Q: How does Universalism/Perennialism* reconcile the vast differences between religions?
*These terms aren’t identical, but there is a great amount of overlap, and I identify as both.
A: Perennialism, to a large extent, and Universalism to a lesser one, are not distinct theological statements that can be contrasted with other religions. They are, in a sense, metatheologies that examine the world’s body of theological thought as a whole and parse out what we can know or confidently suspect based on what they have in common.
The most important of these commonalities, and the one that has the greatest potential to transform the way human beings view their existential plight, is the idea of salvation — aka. liberation, enlightenment, moksha, daigo–tettai, attainment of Nirvana etc. (I’ll stick with the most commonly used term in the Judeo-Christian West.)
Perennialism recognizes salvation and theology as two different classes of things. The former is an experience that is the goal or desired product of the mental and emotional guidance provided by the latter, similar to how optimal health is the goal of biology and the various nutrition sciences. And just as informed dietary choices are not a one-size-fits-all solutions for optimal health, neither are religious practices.
A clue as to how deep this comparison goes can be found in the original Greek word for salvation, σῴζω (sózó). Strong’s Concordance defines this nuanced word in several ways: to save, deliver, make whole or restore, heal, and to be whole. The word ‘sózó’, or one of its grammatical forms, is used over 100 times in the New Testament to mean all of these things at various times. Clearly it covers the entire package of what Christian belief purports to offer, not just a Get Out of Hell Free card. Salvation is immediate and profoundly changing to the way in which we experience this world while we are in it.
So, to re-emphasize, salvation is the existential state that is experienced by someone who has been delivered, restored, healed, and/or made whole by some kind of spiritual process. Theology lays out that process as understood by a specific culture or subculture. The perennialist observation of the commonalities of salvation across diverse theologies gives us reason to suspect that “all paths lead to the same mountain peak.”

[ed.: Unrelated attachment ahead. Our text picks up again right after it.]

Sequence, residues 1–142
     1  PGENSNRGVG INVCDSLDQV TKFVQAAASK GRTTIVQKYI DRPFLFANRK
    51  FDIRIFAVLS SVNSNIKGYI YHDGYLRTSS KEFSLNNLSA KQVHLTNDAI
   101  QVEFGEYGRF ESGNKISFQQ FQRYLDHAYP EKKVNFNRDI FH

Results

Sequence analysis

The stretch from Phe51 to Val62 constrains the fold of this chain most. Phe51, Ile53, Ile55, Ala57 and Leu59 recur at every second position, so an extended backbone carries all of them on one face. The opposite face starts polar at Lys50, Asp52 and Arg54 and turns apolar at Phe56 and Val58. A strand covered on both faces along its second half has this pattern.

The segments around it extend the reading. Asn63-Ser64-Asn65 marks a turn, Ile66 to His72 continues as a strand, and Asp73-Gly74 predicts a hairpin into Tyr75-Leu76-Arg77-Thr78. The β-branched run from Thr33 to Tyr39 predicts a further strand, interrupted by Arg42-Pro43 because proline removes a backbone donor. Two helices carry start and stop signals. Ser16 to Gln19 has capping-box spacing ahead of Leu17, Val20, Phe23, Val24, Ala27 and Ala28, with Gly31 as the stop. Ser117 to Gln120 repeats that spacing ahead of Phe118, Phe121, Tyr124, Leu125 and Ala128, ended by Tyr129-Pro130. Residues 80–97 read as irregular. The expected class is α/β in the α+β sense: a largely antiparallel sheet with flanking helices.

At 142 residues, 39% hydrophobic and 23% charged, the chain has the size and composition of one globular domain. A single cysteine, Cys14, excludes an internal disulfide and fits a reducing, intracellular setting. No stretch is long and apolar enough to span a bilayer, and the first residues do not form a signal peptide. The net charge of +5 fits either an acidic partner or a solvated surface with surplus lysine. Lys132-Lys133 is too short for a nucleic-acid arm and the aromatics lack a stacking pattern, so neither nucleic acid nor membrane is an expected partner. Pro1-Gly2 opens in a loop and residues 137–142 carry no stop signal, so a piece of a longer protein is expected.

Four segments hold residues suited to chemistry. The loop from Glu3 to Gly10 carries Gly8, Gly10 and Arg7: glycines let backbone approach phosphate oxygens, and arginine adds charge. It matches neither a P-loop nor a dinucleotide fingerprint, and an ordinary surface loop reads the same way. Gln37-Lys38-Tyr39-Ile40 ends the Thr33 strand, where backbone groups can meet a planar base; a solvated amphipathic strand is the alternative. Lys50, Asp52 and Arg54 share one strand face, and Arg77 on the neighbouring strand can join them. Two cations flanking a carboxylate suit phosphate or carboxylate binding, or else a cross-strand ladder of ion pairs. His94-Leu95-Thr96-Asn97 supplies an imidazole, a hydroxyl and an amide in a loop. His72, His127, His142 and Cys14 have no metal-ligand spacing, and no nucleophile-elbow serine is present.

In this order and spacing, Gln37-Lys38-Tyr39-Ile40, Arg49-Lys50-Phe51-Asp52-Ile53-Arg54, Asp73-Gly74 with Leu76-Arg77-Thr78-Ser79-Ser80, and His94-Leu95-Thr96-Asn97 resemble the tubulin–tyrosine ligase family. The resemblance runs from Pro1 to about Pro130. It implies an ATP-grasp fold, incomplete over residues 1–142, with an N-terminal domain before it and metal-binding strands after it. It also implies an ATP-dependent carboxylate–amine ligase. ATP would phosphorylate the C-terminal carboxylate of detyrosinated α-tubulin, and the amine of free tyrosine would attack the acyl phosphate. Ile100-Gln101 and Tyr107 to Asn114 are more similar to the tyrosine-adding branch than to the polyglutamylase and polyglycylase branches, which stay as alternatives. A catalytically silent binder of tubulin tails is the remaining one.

Perennialism, then, is a metatheological observation that all theologies are different processes for achieving the singular optimal state of spiritual health, known as salvation or by any name. Universalism goes further and posits that, in one way or another, salvation is coming to all, or at least that there are no “dead ends” and that all beings will find their way to it, perhaps through divine guidance and/or over multiple lifetimes. Love overcomes all obstacles.
This is what I believe. I am a Perennialist by vocation, and the results of these studies made me a devout Universalist of temperament and nature. My next book, The Peasant and the King (awaiting the final proofread before publication, release date TBD), is to my knowledge the first deliberate attempt to offer a Perennialist “gospel” — a tradition-neutral, fictionalized exploration of the path of salvation itself — and a direct look at the metatheological template on which all theologies are built.
The salvation of Pez King is an unforced, unachieved recognition of one’s ontological wholeness. It is (for temporary lack of a better term that will be resolved by the book) a free gift of God that involves the revelation of what one truly was all along. Its Universalism, then, is an ontological statement, not a matter of hope or speculation. For the simple fact is that I cannot be whole and exclude anyone else from that wholeness. The idea that I can achieve salvation while others face unending torment or isolation is prima facie absurd, and Pez King lays this plainly on the table along with receipts.
I believe it is very important that the world be given access to understanding the state of salvation by ways that utilize mythic themes and language but are not theological constructs themselves. Mythic language loosens the grip that theology has on its particular flavor of salvation, making it more universal in nature. Theology without mythic language is, at best, a second-hand account of the workings of salvation in a fractured world; at worst, it’s an erroneous account of who isn’t saved, who isn’t whole because they failed or neglected to use this particular path. This type of doctrinal exclusivity is spiritually self-defeating, like trying to get somewhere by sprinting on a treadmill. Pez King addresses this by telling a deliberately mythic tale about events much closer to home than the reader will initially suspect, then giving a peak behind the curtain to show why this drama must repeat itself ad infinitum.
Some paths, like Advaita Vedanta and Zen Buddhism, eschew the mythos and focus entirely on salvation, but most focus more on theology or a mixture of both. (“Soteriology,” derived from the same root word as sózó, is a ten-dollar word for this mixture, the aspects of theology that deal with salvation.) It is the latter that defines the differences we see in world religions, not the experience of salvation itself. And as Universalism purports to say, all are saved nonetheless, because lack of salvation is a theological issue, not an ontological one. We all get sózóed in the end.